Background Gene therapy offers an etiologically targeted treatment for genetic disorders. Little is known about the acceptance of mortality risk among patients with progressive, fatal conditions. We assessed patients' and caregivers' maximum acceptable risk (MAR) of mortality for gene therapy when used to treat Duchenne muscular dystrophy (DMD).
Methods The threshold technique was used to assess tolerance for mortality risks using a hypothetical vignette. Gene therapy was described as non-curative and resulting in a slowing of progression and with a 10-year benefit duration. MAR was analyzed using interval regression for gene therapy initiated "now"; in the last year of walking well; in the last year of being able to bring arms to mouth; and in newborns (for caregivers only).
Results Two hundred eighty-five caregivers and 35 patients reported the greatest MAR for gene therapy initiated in last year of being able to lift arms (mean MAR 6.3%), followed by last year of walking well (mean MAR 4.4%), when used "now" (mean MAR 3.5%), and when used in the newborn period (mean MAR 2.1%, caregivers only). About 35% would accept >= 200/2000 risk in the last year of being able to lift arms. Non-ambulatory status predicted accepting 1.8 additional points in MAR "now" compared with ambulatory status (p = 0.010). Respondent type (caregiver or patient) did not predict MAR.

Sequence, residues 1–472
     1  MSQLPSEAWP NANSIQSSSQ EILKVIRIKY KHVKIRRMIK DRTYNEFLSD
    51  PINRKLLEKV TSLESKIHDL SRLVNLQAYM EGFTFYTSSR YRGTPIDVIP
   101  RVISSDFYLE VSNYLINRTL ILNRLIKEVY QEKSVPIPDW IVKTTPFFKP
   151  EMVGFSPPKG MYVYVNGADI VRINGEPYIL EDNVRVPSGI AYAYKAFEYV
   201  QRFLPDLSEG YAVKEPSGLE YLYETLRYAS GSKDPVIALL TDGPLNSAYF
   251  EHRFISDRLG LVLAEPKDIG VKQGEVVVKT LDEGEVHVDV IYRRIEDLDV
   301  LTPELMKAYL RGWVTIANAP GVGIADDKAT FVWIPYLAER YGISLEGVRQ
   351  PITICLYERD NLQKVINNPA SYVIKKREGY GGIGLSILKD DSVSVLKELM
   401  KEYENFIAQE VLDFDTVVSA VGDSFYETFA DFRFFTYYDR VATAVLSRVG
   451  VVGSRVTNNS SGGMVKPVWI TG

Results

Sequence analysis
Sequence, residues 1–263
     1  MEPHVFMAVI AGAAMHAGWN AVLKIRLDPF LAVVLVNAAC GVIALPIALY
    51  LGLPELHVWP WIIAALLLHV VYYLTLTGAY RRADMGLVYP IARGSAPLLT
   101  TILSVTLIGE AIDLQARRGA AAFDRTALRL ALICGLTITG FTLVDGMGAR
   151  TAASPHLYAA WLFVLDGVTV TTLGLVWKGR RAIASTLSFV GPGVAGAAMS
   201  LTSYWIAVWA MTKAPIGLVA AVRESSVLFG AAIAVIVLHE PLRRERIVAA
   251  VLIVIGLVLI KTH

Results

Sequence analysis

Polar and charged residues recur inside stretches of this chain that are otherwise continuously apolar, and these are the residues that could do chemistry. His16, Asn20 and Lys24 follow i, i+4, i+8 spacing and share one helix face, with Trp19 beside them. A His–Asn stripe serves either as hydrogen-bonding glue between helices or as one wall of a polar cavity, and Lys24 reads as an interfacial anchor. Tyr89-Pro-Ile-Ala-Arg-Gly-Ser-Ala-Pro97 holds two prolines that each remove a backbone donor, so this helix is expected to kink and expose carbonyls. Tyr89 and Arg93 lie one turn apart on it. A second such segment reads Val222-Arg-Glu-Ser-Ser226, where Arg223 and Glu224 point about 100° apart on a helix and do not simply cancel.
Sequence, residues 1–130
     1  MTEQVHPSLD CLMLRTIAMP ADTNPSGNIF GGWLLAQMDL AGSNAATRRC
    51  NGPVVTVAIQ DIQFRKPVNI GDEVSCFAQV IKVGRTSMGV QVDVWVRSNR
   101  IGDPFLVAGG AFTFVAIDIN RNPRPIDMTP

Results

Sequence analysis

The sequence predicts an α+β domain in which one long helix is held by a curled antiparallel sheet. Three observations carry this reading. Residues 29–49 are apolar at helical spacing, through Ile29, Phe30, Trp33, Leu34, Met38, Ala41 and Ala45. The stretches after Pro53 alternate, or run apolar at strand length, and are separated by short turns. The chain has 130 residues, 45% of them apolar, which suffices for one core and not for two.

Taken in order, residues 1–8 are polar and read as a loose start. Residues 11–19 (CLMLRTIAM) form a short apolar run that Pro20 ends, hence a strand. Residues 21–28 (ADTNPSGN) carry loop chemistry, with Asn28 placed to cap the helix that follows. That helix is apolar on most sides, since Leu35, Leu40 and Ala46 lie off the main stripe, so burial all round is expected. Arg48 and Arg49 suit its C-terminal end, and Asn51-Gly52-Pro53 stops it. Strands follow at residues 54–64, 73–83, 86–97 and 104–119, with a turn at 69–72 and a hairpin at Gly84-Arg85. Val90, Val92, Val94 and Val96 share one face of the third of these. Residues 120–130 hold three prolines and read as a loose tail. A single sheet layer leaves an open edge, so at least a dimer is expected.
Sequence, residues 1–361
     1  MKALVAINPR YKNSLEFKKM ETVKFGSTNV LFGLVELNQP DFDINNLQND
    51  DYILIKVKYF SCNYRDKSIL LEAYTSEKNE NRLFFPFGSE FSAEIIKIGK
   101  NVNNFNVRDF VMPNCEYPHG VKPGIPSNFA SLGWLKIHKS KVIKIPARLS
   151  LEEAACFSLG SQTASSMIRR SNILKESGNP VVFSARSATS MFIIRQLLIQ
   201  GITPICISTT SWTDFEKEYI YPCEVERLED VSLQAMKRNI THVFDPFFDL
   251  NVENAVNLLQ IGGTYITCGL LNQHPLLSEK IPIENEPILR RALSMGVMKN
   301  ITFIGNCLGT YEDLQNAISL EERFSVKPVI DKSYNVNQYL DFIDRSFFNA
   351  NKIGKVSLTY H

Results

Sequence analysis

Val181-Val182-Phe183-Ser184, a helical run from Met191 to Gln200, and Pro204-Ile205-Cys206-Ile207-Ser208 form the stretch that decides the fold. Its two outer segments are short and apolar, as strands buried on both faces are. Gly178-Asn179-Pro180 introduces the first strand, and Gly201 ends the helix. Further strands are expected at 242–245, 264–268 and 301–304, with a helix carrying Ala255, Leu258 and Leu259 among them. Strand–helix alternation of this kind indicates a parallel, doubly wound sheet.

Conclusion In this first quantitative study to assess MAR associated with first-generation DMD gene therapy, we find relatively high tolerance for mortality risk in response to a non-curative treatment scenario. Risk tolerance increased with disease progression. Patients and caregivers did not have significantly different MAR. These results have implications for protocol development and shared decision making.